Cardiovascular disease (CVD) remains the leading cause of death among women, resulting in 418 665 deaths in 2016 and accounting for 1 in every 4 female deaths in the US.1 There are important sex and gender differences in CVD between women and men, which contribute to diagnostic, prognostic, and treatment uncertainty resulting in suboptimal CVD care in women. Understanding and addressing these sex and gender differences is an opportunity to improve human health for both women and men. Notably, 86% of US women have had at least 1 pregnancy, and prior work consistently identifies that the 1 in 5 pregnancies with adverse pregnancy outcomes (APOs), such as gestational hypertensive disorders, including preeclampsia, elevate risk for future CVD in women.2 In short, a risk factor readily found in nearly all women—literally under our collective noses—might be harnessed for relevant, sex-specific atherosclerotic CVD (ASCVD) risk information to address the preventive, diagnostic, and treatment gaps that adversely affect women.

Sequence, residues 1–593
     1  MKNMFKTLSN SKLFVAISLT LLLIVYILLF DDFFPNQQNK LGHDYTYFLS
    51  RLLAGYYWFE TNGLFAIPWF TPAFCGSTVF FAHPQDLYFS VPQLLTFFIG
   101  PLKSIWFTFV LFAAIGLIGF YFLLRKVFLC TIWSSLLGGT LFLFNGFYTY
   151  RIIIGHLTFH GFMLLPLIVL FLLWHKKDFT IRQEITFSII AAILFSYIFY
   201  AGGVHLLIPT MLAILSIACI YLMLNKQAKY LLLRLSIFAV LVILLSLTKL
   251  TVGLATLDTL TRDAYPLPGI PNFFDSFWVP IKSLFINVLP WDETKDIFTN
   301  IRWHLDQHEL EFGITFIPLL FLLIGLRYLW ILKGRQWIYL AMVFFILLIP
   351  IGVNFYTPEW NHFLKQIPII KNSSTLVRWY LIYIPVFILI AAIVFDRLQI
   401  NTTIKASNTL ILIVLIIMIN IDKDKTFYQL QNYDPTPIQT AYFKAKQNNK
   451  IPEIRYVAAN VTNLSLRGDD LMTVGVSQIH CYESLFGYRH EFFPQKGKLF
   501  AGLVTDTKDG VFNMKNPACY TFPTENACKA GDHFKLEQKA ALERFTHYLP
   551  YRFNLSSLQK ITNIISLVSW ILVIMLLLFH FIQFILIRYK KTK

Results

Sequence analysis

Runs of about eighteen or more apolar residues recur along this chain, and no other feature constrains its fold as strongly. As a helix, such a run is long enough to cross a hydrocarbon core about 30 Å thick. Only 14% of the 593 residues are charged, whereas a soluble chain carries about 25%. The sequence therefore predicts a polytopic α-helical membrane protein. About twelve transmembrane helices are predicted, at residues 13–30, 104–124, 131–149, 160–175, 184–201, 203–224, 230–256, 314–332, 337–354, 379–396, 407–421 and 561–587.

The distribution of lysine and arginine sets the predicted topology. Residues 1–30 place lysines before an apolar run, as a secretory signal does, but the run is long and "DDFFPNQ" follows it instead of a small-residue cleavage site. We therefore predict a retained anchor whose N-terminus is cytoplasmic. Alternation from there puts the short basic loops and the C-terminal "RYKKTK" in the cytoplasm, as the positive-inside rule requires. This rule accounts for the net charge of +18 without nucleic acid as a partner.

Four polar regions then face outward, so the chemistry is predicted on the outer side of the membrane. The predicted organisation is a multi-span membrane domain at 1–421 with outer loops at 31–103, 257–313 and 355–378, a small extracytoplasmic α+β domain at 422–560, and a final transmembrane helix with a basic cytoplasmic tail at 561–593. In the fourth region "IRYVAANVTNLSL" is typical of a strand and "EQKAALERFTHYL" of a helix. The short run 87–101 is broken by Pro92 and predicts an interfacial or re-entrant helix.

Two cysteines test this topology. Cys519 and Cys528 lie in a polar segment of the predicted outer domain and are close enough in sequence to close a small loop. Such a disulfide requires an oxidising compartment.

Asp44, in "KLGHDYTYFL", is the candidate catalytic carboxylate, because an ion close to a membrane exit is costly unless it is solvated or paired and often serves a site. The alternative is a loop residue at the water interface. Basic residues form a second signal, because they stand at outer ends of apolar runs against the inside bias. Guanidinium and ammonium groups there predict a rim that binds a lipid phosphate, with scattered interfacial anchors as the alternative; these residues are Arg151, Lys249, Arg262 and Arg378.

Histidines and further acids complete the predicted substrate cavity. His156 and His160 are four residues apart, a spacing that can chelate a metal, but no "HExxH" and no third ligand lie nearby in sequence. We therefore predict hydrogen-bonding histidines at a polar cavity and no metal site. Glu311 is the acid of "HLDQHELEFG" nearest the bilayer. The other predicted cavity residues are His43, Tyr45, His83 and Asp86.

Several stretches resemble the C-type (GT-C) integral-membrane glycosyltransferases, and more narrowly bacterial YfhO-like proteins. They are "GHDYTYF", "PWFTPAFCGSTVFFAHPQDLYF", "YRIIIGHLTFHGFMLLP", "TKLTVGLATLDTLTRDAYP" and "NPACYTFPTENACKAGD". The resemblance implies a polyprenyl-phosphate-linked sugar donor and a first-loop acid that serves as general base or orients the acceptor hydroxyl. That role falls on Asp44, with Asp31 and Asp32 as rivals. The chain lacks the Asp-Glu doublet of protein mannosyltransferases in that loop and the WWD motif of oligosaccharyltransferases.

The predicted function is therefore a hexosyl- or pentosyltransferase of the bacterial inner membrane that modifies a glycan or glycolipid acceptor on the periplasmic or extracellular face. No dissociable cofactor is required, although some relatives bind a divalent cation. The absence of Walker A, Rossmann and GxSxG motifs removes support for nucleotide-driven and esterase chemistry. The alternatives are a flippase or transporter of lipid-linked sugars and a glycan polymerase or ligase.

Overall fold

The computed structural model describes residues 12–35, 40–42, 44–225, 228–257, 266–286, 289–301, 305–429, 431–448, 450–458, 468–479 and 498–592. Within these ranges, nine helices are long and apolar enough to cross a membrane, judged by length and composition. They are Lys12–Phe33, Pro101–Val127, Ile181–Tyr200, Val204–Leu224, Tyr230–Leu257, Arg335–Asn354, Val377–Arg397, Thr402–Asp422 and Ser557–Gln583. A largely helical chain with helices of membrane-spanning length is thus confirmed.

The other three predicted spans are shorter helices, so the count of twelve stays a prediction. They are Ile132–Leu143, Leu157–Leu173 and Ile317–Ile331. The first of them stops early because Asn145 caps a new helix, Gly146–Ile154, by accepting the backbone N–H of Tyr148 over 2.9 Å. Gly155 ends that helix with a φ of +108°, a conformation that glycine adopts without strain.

Quesada O, Shufelt C, Bairey Merz CN. Can We Improve Cardiovascular Disease for Women Using Data Under Our Noses? A Need for Changes in Policy and Focus. JAMA Cardiol. 2020;5(12):1398–1400. doi:10.1001/jamacardio.2020.4117
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